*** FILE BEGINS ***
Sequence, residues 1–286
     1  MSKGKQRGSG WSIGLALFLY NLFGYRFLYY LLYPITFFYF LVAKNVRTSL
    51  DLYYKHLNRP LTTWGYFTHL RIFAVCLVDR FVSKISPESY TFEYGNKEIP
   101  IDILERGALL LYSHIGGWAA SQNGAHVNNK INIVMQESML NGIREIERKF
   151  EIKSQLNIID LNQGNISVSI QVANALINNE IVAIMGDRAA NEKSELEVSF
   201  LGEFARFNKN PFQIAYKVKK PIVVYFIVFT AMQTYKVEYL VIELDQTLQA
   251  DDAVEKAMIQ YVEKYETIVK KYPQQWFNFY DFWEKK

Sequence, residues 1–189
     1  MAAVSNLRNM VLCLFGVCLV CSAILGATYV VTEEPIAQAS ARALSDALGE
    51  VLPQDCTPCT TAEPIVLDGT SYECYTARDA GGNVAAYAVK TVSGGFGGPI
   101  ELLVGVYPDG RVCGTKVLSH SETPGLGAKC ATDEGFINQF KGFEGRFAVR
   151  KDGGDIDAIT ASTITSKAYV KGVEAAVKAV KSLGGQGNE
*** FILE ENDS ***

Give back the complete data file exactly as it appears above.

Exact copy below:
Sequence, residues 1–286
     1  MSKGKQRGSG WSIGLALFLY NLFGYRFLYY LLYPITFFYF LVAKNVRTSL
    51  DLYYKHLNRP LTTWGYFTHL RIFAVCLVDR FVSKISPESY TFEYGNKEIP
   101  IDILERGALL LYSHIGGWAA SQNGAHVNNK INIVMQESML NGIREIERKF
   151  EIKSQLNIID LNQGNISVSI QVANALINNE IVAIMGDRAA NEKSELEVSF
   201  LGEFARFNKN PFQIAYKVKK PIVVYFIVFT AMQTYKVEYL VIELDQTLQA
   251  DDAVEKAMIQ YVEKYETIVK KYPQQWFNFY DFWEKK

Sequence, residues 1–189
     1  MAAVSNLRNM VLCLFGVCLV CSAILGATYV VTEEPIAQAS ARALSDALGE
    51  VLPQDCTPCT TAEPIVLDGT SYECYTARDA GGNVAAYAVK TVSGGFGGPI
   101  ELLVGVYPDG RVCGTKVLSH SETPGLGAKC ATDEGFINQF KGFEGRFAVR
   151  KDGGDIDAIT ASTITSKAYV KGVEAAVKAV KSLGGQGNE